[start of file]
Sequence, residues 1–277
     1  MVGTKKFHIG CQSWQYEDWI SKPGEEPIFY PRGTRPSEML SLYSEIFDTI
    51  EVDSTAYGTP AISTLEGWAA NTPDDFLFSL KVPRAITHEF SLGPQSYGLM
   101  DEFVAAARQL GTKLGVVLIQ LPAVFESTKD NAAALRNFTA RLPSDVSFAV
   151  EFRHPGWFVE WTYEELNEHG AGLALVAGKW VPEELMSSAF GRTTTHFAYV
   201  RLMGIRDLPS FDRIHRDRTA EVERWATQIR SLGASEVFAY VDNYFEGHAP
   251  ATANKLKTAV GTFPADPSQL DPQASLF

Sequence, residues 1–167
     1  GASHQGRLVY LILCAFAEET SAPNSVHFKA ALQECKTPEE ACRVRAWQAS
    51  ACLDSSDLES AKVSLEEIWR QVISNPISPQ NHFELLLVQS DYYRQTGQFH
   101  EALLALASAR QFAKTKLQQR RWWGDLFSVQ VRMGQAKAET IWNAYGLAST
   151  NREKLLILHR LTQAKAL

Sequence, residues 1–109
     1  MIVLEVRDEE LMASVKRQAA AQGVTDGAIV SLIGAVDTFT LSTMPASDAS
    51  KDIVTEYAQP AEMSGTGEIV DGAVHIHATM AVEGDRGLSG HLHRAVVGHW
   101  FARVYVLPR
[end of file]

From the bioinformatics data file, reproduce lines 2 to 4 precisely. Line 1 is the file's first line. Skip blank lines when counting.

     1  MVGTKKFHIG CQSWQYEDWI SKPGEEPIFY PRGTRPSEML SLYSEIFDTI
    51  EVDSTAYGTP AISTLEGWAA NTPDDFLFSL KVPRAITHEF SLGPQSYGLM
   101  DEFVAAARQL GTKLGVVLIQ LPAVFESTKD NAAALRNFTA RLPSDVSFAV